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  3. Judges Chapter 21

Judges Chapter 21


1 The people bewail the desolation of Benjamin. 8 By the destruction of Jabesh-gilead they provide them four hundred wives. 16 They advise them to surprise the virgins that danced at Shiloh.

Verse 1 Now the men of Israel had sworn an oath at Mizpah, saying, “None of us shall give his daughter to Benjamin as a wife.”

Had sworn. No mention of this oath has been made in the preceding record.

Evidently the tribes entered into it soon after they first assembled at Mizpeh, before any open hostilities began. The ancients regarded an oath as inviolable (see 11:30; 17:1, 2).

Although such oaths could not be broken or withdrawn, the Israelites, especially in later times, found many ways to keep the letter of an oath but break the spirit by trickery or some other evasion.

However, no one is under obligation to keep his pledged word if it requires him to commit a wrong act.

Give his daughter. The oath was probably sworn under a curse as in Acts 23:14.

The action of the Benjamites in supporting the evil men of Gibeah aroused the anger of the Israelites to the extent that they vowed not to intermarry with the Benjamites, in the same manner as they had been commanded by the Lord not to intermarry with the seven heathen nations of Canaan (Deut. 7:1–4).

Verse 2 Then the people came to the house of God, and remained there before God till evening. They lifted up their voices and wept bitterly,

Wept bitterly. Why?

After their fierce anger was gone, the people recognized that they had gone too far in their revenge upon one of their own tribes. How much better it would have been if their weeping had come earlier, before the deed had been done.

Verse 3 and said, “O Lord God of Israel, why has this come to pass in Israel, that today there should be one tribe missing in Israel?”

Why is this? This question implies that the Israelites accused God of having brought the tribe of Benjamin to virtual extinction (15).

Who caused the massacre?

The assembled tribes should have known that it was their anger and their desire for revenge engendered by the two defeats administered upon them by the army of Benjamin that was the real cause of the near extinction of the tribe.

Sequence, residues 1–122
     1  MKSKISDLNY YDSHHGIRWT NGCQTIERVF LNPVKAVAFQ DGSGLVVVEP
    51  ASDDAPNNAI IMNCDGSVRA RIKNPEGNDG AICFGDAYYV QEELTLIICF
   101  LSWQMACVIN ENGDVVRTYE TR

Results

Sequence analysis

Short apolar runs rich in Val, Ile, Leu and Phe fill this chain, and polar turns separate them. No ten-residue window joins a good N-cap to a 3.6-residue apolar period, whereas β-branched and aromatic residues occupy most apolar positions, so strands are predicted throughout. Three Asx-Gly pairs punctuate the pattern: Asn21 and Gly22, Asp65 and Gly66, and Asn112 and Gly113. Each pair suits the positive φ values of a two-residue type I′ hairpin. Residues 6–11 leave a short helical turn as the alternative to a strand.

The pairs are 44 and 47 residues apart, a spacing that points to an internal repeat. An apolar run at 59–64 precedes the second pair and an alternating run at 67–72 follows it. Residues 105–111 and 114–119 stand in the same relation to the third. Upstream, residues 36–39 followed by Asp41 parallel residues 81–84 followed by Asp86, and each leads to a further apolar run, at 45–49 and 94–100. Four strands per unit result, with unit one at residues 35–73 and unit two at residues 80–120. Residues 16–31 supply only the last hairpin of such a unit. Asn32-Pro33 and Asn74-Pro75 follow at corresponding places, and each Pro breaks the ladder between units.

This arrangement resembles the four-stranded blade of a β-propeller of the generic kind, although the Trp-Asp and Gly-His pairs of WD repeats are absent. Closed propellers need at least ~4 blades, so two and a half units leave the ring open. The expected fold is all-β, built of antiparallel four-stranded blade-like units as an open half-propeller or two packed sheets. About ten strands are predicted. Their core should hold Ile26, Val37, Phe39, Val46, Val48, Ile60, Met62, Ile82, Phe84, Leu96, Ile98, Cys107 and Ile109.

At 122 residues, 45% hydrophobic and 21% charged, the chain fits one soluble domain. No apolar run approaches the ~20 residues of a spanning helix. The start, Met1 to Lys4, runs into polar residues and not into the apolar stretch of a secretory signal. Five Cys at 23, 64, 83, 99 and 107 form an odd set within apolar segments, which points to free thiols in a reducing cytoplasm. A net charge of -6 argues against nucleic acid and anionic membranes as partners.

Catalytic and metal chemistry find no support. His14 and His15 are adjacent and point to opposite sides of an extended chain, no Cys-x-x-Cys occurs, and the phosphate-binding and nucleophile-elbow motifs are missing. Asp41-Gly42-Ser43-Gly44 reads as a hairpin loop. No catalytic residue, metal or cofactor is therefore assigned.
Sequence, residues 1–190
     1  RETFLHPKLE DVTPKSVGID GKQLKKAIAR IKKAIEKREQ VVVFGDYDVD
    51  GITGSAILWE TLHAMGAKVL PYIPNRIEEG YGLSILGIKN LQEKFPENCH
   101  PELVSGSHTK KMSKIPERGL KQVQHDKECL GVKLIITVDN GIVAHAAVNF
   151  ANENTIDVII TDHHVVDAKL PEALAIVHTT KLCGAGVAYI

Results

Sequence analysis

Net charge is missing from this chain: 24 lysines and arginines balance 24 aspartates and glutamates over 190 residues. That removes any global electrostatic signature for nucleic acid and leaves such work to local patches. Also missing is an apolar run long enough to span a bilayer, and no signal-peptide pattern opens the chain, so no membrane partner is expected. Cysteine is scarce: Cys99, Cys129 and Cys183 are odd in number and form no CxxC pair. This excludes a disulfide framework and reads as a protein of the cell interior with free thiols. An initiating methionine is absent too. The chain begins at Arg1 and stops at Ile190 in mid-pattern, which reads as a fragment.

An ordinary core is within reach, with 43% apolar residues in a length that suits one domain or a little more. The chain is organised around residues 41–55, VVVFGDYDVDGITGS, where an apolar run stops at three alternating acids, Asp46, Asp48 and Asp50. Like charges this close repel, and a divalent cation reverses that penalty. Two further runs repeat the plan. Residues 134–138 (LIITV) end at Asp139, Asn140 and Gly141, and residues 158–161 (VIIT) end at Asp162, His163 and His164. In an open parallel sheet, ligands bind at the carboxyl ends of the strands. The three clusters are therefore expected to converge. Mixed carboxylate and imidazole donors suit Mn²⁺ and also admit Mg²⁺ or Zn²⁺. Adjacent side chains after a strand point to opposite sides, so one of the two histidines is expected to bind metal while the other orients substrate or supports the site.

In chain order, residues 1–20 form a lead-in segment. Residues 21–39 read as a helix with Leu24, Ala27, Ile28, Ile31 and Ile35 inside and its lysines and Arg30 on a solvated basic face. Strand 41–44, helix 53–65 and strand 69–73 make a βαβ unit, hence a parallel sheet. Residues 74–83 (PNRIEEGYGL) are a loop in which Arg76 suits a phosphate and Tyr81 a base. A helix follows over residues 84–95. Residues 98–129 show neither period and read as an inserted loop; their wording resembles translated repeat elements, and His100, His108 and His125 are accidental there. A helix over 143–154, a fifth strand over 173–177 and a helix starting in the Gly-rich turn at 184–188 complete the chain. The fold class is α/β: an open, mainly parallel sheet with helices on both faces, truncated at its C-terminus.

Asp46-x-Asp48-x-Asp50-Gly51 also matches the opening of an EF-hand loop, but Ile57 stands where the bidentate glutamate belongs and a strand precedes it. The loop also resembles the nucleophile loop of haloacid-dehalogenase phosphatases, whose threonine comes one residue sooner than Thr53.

Verse 4 So it was, on the next morning, that the people rose early and built an altar there, and offered burnt offerings and peace offerings.

Built an altar. The people built a new altar at Shiloh, either because the old one was in disrepair, or because another one was needed to handle the large number of sacrifices being made (see on ch. 20:18, 27; 21:2).

Verse 5 The children of Israel said, “Who is there among all the tribes of Israel who did not come up with the assembly to the Lord?” For they had made a great oath concerning anyone who had not come up to the Lord at Mizpah, saying, “He shall surely be put to death.”

Came not up. After the battle was all over, the Israelites began an investigation to ascertain whether the entire nation had responded to the summons to take part in the war against Benjamin.

When the army first assembled, the tribes had sworn an oath against any segment of the Israelites that refused to support the undertaking. The extreme measures were perhaps necessary to enforce cooperation.

Verses 6-8 And the children of Israel grieved for Benjamin their brother, and said, “One tribe is cut off from Israel today. 7 What shall we do for wives for those who remain, seeing we have sworn by the Lord that we will not give them our daughters as wives?” 8 And they said, “What one is there from the tribes of Israel who did not come up to Mizpah to the Lord?” And, in fact, no one had come to the camp from Jabesh Gilead to the assembly.

Jabesh-gilead. A bond of affinity seems to have existed between the tribe of Benjamin and the city of Jabeshgilead. The affinity seems to have continued even after the city was destroyed and rebuilt.